Johannesburg - South Africa’s Philip Henning is among the recipients of the International Tennis Federation’s (ITF) first-ever International Junior Player Grants.
Fifteen players from 13 countries have been selected to receive the first-ever ITF International Junior Player Grants.
The ITF on Friday announced that the new programme will provide total funding in 2018 of $325 000 (about R3.9 million) to selected players from around the world as a contribution towards their competition-related costs with the aim of helping them make the transition from the junior game to the professional circuit.
The ITF has awarded grants to players who meet specific age, ranking and regional representation criteria and show exceptional potential.
The following five boys will receive $25:000 (about R300 000): Nicolas Mejia (COL), Uisung Park (KOR), Jurij Rodionov (AUT), Emil Ruusuvuori (FIN) and Chun Hsin Tseng (TPE)
The following six girls will also receive $25 000 grants: Violet Apisah (PNG), Emiliana Arango (COL), Kaja Juvan (SLO), Sada Nahimana (BDI), Maria Gabriela Rivera Corado (GUA) and Wang Xinyu (CHN).
In addition, Henning, Nick Hardt (DOM), Maria Camila Osorio Serrano (COL) and Ajeet Rai (NZL) will all receive $12 500 (about R150 000) grants, meaning that at least one boy and one girl from each of the ITF’s six regions will receive a grant.
Henning, who hails from Bloemfontein, is ranked No 54 on the world junior rankings.
“What a bonus after winning my seventh international junior title in Pretoria on Saturday to hear I have been given this grant. I am most grateful to the ITF and Tennis South Africa for nominating me, it sure will help me a lot!” Henning said via a press statement.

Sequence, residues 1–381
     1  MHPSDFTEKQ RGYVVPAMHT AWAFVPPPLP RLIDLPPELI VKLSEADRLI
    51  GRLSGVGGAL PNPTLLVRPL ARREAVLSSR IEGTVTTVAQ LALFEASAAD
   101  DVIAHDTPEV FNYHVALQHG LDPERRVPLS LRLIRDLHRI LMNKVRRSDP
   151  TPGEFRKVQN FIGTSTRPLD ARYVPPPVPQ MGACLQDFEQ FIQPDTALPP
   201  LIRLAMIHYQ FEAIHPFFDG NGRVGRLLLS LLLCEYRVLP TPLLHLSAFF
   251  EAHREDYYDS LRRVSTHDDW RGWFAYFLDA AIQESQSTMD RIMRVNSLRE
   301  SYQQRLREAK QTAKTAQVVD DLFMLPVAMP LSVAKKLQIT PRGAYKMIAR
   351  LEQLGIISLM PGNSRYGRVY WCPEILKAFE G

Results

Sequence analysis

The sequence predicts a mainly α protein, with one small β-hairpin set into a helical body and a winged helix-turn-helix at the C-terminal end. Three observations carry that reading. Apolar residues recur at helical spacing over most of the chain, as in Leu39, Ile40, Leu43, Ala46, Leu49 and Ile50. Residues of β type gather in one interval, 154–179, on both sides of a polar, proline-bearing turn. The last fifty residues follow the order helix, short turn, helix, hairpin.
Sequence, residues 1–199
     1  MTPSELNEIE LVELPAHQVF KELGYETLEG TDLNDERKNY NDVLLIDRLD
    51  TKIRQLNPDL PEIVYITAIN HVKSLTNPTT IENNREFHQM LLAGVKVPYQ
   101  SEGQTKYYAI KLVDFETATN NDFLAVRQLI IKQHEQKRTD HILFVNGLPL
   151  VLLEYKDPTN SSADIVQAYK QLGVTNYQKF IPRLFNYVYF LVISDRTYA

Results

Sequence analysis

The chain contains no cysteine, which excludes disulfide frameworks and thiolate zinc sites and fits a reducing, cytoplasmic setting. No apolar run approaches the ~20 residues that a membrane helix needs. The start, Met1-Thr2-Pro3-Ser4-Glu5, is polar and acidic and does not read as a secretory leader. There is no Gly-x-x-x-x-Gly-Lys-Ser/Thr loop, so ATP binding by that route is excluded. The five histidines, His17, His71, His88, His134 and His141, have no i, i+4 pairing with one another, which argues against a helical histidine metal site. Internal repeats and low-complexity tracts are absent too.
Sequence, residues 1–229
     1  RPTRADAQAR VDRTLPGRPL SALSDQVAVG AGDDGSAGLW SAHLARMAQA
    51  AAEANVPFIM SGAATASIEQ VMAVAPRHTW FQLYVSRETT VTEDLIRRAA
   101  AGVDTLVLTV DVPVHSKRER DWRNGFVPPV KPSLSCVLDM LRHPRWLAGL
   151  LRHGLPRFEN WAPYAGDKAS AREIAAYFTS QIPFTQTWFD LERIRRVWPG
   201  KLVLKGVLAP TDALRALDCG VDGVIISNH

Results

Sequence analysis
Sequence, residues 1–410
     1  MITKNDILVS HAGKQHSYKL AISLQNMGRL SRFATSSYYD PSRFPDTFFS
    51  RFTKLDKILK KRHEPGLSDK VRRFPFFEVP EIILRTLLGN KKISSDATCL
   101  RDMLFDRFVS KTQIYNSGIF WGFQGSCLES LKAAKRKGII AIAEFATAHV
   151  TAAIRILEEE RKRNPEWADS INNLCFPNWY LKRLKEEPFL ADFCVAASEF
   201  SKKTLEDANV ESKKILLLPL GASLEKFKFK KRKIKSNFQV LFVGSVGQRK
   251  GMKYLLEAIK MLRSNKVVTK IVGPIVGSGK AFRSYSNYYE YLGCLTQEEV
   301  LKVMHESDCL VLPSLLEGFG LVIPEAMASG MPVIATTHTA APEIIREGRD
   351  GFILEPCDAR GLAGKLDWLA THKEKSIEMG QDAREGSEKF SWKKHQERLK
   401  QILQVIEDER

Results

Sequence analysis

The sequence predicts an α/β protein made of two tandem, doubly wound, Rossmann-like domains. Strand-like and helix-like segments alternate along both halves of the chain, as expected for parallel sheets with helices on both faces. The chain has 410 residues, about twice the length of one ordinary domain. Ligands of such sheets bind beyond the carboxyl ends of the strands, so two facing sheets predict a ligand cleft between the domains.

Henning said he wanted to thank the ITF for having this type of programme to assist players such as himself who do not have access to the resources to be able to compete in the best tournaments in the region.
“The only way to improve is by playing the biggest and best tournaments around the world and this will be possible after receiving this type of support, it will motivate me to want to continue competing and working hard.
“This grant will help me enormously to improve so in the future I (can) become a successful professional player.”
ITF president David Haggerty also commented: “The ITF is committed to developing tennis throughout the world, and these grants will support some of the world’s best junior players from nations with fewer available resources. The transition from junior tennis to the professional game is a huge challenge and the Junior Player Grants are one of the many ways that the ITF is aiming to support talented young players to establish themselves on the circuit.”
The ITF’s Development Programme was first conceived in the late 1970s with the aim to help raise the level of tennis worldwide and increase the number of countries competing in mainstream international tennis.
Development remains a key priority for the ITF and is at the heart of the ITF’s long-term strategic plan, ITF 2024, which was announced in 2016.
The Development Programme is funded by the ITF and the Grand Slam nations (via the Grand Slam Development Fund).
In 2018 the total funding available for development is in excess of $10 million, with annual funding increased by $4 million since 2016.